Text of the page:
A Toast to an Old Home

Alana-Tokaj Tokaji Aszú 6 Puttonyos 2005
MaryAnn Worobiec
Posted: July 18, 2012

Just before we moved, we had our favorite neighbor over for one final dinner at the old house. This was one of our last nights there, which meant most of our things were already in boxes. Takeout Thai food was served on paper plates, along with a California bubbly in juice glasses.

After dinner, as we were relaxing in the living room, the power went out. It was more funny than annoying—the power used to go out all the time in our remote neighborhood. We settled into our conversation, speaking in the glow of my iPhone.

Most of the wine had also been packed up at this point, but I wanted to keep the night going. I remembered a bottle of dessert wine that was stashed in the back of the refrigerator, an Alana-Tokaj Tokaji Aszú 6 Puttonyos 2005. Of course, my wine openers were packed with the rest of the kitchen items, so I went out to the car to fetch the knockoff Swiss Army knife that was stashed in the glove box and thankfully had a corkscrew attachment.

The Alana-Tokaj was wonderful—thick and creamy in our juice glasses, it had all the wonderful, rich notes of honey, dried apricots, caramel, candied citrus peel and spice that you would expect from this prized Hungarian wine made from botrytized grapes. (Learn more about how dessert wines are made and what 6 puttonyos means.) A nervy acidity kept all the flavors bright and even juicy, never cloying. I rated it 94 points, non-blind. It was magical to sit there in the dark, to concentrate on the company, the conversation and this wonderful wine. What a shame when the lights came back on and the bottle was empty.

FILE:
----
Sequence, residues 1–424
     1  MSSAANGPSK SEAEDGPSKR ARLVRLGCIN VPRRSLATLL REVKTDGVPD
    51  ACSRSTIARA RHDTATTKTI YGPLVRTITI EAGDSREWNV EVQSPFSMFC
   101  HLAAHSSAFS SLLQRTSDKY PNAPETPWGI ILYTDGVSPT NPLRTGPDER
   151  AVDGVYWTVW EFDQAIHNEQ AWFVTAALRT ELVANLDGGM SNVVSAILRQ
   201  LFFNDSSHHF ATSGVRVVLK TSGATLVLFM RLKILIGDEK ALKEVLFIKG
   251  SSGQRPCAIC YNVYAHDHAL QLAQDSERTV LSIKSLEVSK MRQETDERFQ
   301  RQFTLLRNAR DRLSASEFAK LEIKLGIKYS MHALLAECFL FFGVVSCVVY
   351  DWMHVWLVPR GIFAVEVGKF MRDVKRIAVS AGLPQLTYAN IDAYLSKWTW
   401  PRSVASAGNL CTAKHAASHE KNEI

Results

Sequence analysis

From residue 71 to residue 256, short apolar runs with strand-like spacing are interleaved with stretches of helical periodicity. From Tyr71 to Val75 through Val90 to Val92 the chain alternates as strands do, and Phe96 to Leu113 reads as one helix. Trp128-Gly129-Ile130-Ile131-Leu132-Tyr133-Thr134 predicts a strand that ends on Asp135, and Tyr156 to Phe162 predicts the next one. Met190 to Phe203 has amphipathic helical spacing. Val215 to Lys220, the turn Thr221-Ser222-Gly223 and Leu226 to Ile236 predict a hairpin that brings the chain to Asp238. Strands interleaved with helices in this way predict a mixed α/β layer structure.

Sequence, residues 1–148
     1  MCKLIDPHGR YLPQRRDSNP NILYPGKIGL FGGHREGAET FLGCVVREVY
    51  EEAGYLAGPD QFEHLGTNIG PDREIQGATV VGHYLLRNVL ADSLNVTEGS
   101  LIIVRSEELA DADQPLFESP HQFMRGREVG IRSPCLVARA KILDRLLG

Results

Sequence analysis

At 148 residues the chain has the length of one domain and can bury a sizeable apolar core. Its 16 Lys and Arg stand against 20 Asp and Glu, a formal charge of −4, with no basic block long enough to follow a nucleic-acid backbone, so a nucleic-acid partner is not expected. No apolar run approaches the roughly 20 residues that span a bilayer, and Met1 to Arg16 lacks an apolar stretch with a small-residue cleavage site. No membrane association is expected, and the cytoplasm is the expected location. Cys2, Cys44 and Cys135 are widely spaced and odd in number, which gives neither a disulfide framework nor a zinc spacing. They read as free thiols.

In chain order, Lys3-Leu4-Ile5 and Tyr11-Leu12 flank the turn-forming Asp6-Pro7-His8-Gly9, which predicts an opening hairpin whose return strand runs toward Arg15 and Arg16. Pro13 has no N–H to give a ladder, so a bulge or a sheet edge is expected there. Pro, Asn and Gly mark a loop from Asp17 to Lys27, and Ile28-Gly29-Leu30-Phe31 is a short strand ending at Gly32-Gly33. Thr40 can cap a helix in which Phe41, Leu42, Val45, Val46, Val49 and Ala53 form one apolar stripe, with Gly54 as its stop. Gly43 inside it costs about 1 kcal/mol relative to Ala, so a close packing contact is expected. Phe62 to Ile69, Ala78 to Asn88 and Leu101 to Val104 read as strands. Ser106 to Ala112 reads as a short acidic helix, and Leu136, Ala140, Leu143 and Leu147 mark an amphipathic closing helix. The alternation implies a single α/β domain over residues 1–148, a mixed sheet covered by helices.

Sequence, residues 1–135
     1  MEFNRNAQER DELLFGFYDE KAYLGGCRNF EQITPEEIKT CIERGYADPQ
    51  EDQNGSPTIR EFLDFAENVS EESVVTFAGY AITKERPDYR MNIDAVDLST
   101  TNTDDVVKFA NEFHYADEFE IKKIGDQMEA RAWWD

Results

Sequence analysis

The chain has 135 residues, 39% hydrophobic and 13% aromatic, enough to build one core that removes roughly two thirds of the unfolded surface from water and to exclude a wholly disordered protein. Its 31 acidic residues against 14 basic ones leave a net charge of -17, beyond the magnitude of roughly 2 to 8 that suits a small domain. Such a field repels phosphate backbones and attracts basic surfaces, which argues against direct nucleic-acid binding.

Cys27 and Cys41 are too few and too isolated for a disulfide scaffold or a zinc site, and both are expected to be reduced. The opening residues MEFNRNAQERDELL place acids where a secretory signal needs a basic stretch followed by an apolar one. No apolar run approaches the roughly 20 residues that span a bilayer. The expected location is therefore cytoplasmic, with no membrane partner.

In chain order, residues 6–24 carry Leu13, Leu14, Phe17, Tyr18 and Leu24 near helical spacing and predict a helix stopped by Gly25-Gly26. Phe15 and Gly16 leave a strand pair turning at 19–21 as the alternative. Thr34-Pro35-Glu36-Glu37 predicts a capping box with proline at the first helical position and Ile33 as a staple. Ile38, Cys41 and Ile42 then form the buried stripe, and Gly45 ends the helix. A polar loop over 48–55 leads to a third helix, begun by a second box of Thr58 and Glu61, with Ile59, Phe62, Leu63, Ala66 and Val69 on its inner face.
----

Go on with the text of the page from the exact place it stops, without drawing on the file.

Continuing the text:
WineSpectator.com members: Read the original blind-tasting review for Alana-Tokaj Tokaji Aszú 6 Puttonyos 2005 (95 points, $136/500ml).

• Plus, get scores and tasting notes for more recently rated wines from the Tokaji region of Hungary.

Member comments   2 comment(s)

Robert — Calgary, Canada —  January 31, 2013 9:19pm ET

After reading your wonderful story, it reminded me of last spring when my girlfriend and I visited the Tokaji area. We were fortunate enough to arrange a private tasting through our guide and what an experience. The tasting room was still being built, so the bottles were lined up on a wine barrel. The room was otherwise empty with the odd wire sticking out here and there. We tasted a vertical of dry Furmints and Harslevelu, then we tasted the 6 Puttonyos Tokaji Aszu. Nemeth Attila Gabor, the winemaker, noted the machines outside digging the foundation for an extension to the new winery. He also noted that all his wines have been made under uncontrolled temperature environments. I assume that means uncontrolled fermentation. He did not use any Furmint grapes in the base wine and in the aszu clusters for the pressing, instead opting for the more unused Zeta grape, Nemeth stated he was trying to forge a certain style and then smiled as we sipped the 6 Puttonyos Aszu. A fantastic one on one tasting I will never forget, can't wait to drink mine.


Maryann Worobiec — Napa, California —  February 1, 2013 1:31pm ET

Robert,

What a lovely story! There is certainly something magical about these wines.


Would you like to comment?

Want to join or start a discussion? Become a WineSpectator.com member and you can!

To protect the quality of our conversations, only members may submit comments. To learn more about member benefits, take our site tour.

MEMBER LOGIN

= members only

Keep me logged in      Forgot Password?

Free Email Newsletters

Sips & Tips | Wine & Healthy Living
Video Theater | Collecting & Auctions

» View samples
» Or sign up now!
» Manage my newsletter preferences

Classifieds

The marketplace for all your wine needs, including:

Wine Storage | Wine Clubs
Dining & Travel | Wine Auctions
Wine Shops | Wine Accessories